Terminated End Fed antenna vs EFHW

Discussion in 'Videos and Podcasts' started by W9HJ, Jul 20, 2020.

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  1. W9HJ

    W9HJ QRZ Lifetime Member #294 Platinum Subscriber Life Member QRZ Page

    Here is a little comparison between my homemade Terminated End Fed antenna and a traditional EFHW antenna. The difference in receive signal is night and day different. Also, contrary to popular opinion, transmitting on it is good also. I've gotten over 22,000 km on it. Best of all, for pretty much anything from 630M to 6M ... no need for an antenna tuner as the SWR is pretty much below 2:1 most of the time (even on non-ham bands) and below 3:1 across the board.



    Here is the design (which can also be seen in my QRZ page.

    [​IMG]
     
    N4XRD likes this.
  2. WB5AGF

    WB5AGF Ham Member QRZ Page

    That would be long-path ... right ?

    - Paul, WB5AGF
     
  3. WR2E

    WR2E Ham Member QRZ Page

    How so? Better or worse? When you say "different" what exactly do you mean? Stronger sigs? Better s/n ratio? How are you measuring? Have an A/B switch between the two antennas?

    Measured where, and how? At the feedpoint with an analyzer?

    How much power ya reckon is heating up the resistor? Does it get warm?
    How much power are you running into the antenna?

    That's a fairly miraculous claim!
     
    KD6RF likes this.
  4. WR2E

    WR2E Ham Member QRZ Page

    If the half-way point is 24,900 miles, maybe not! ;)
     
  5. KA0HCP

    KA0HCP XML Subscriber QRZ Page

    Thus proving it is always possible to create a poorer performing antenna!

    1. It's always possible to obtain excellent broadband SWR by placing a resistive load in the circuit. Try putting 50 Ohm resistors on dipoles or yagis feed points! When you have broad level SWR, especially across multiple bands, that is a clue something is being fudged.

    2. Your ground rods serve no function.
     
    Last edited: Aug 12, 2020
  6. WN1MB

    WN1MB XML Subscriber QRZ Page

    If the 71 foot elevated "counterpoise" wire is grounded at four points as shown, my question is this: can it be accurately called a "counterpoise" at all? My knee jerk, unedumacated* thought is "no."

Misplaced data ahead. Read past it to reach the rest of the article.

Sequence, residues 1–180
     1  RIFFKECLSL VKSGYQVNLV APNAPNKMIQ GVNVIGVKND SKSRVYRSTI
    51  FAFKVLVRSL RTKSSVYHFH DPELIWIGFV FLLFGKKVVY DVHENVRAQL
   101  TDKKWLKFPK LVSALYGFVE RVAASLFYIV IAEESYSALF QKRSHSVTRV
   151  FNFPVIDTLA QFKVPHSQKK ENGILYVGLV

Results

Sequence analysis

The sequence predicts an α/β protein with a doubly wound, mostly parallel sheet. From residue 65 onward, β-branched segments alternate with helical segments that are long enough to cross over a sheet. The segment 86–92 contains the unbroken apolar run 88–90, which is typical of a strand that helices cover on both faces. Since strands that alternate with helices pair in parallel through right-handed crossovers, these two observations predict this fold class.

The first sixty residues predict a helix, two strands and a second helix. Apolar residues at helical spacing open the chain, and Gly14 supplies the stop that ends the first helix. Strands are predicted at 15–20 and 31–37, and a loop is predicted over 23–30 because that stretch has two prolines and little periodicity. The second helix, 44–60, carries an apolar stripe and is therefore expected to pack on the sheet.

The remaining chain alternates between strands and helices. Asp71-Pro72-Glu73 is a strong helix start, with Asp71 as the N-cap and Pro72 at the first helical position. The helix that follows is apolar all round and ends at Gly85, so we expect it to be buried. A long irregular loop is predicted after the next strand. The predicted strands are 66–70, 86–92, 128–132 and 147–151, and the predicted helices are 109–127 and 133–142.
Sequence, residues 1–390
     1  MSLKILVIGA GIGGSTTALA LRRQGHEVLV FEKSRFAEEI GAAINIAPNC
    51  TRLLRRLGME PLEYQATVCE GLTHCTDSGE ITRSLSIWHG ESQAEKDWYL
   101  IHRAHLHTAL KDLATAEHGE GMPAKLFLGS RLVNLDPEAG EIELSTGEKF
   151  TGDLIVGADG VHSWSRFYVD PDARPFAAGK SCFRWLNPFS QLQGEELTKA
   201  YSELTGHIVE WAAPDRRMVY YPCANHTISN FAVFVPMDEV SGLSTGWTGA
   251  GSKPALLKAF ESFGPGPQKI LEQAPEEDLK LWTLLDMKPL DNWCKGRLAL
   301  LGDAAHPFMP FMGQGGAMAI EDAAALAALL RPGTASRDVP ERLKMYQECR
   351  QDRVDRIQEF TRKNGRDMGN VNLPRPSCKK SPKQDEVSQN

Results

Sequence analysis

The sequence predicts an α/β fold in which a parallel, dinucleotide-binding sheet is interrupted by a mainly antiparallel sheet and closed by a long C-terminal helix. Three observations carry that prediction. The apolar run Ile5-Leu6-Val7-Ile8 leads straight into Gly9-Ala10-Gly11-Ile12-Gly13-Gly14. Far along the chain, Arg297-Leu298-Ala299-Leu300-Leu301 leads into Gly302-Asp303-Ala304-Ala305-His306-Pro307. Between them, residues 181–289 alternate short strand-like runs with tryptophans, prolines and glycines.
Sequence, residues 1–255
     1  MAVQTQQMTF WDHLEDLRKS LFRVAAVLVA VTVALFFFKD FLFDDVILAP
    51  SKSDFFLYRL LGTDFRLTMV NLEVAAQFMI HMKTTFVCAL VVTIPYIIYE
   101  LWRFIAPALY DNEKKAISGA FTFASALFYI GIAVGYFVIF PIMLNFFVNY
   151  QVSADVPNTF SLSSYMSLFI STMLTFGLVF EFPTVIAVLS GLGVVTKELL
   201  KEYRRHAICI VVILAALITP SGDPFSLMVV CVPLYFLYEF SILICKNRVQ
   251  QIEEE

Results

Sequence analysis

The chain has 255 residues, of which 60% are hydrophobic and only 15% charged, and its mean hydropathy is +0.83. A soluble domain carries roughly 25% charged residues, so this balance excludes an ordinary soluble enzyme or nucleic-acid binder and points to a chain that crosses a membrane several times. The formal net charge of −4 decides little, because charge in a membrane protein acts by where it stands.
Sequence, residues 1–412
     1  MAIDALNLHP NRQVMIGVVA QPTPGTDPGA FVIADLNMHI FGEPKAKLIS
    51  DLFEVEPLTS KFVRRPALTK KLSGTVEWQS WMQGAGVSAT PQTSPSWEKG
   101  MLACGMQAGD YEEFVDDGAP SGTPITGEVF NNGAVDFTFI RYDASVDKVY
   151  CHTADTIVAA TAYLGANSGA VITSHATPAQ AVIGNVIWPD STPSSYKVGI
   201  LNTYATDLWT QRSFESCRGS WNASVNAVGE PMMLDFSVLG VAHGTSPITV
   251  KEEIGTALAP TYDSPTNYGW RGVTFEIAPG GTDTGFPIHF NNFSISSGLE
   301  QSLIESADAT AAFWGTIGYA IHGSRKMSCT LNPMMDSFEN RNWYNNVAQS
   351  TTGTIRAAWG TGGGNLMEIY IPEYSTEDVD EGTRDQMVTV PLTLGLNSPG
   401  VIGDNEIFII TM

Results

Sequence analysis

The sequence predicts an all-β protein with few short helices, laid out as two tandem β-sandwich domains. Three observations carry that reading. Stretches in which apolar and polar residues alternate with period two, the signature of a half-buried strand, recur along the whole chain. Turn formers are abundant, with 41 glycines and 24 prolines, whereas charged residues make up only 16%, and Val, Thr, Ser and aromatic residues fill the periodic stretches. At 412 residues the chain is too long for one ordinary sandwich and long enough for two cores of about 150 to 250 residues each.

* Being a lowly Advanced, I defer to the better informed Extras on this.
     
  7. W9HJ

    W9HJ QRZ Lifetime Member #294 Platinum Subscriber Life Member QRZ Page

    Better as in a much lower noise floor.

    Measured by my transceiver. You can hear the difference, and even see it in the meter in my attached video. I'm measuring in the shack with my RigExpert AA-55 Zoom.

    At most I only push out 200 watts out of my FTdx-101MP. The terminating resistor from Palomar Engineering is rated at 375 watts. I worked FT8 on it for an hour straight, then after my last contact ran out and touched the resistor and it was barely warm. I've done an 8 hour session of FT8 before and no issues.

    Yes, it is, but seeing and hearing is proof enough for me.
     
    WR2E likes this.
  8. W9HJ

    W9HJ QRZ Lifetime Member #294 Platinum Subscriber Life Member QRZ Page

    1. Yup, you can do it to other designs as well. Terminated antennas are nothing new. The design I use is based off a military grade antenna that has been used since the 1950.

    https://palomar-engineers.com/broad-band-terminated-dipoles

    2. The drawing is different than my actual installation. I only have 2 ground rods, one at the resistor end and one at the feed point. They do help.

    https://www.bwantennas.com/acs.html
     
    KA0HCP likes this.
  9. WN1MB

    WN1MB XML Subscriber QRZ Page

    How?
     
  10. W9HJ

    W9HJ QRZ Lifetime Member #294 Platinum Subscriber Life Member QRZ Page

    Depending on who you talk to, a radial is ground mounted. Some say that if you take it off the ground it is called a counterpoise, others call it an elevated radial. According to the ARRL Handbook (Straw 2003) defines counterpoise as "A wire or group of wires mounted close to ground, but insulated from ground, to form a low impedance, high-capacitance path to ground."
     
    WN1MB likes this.

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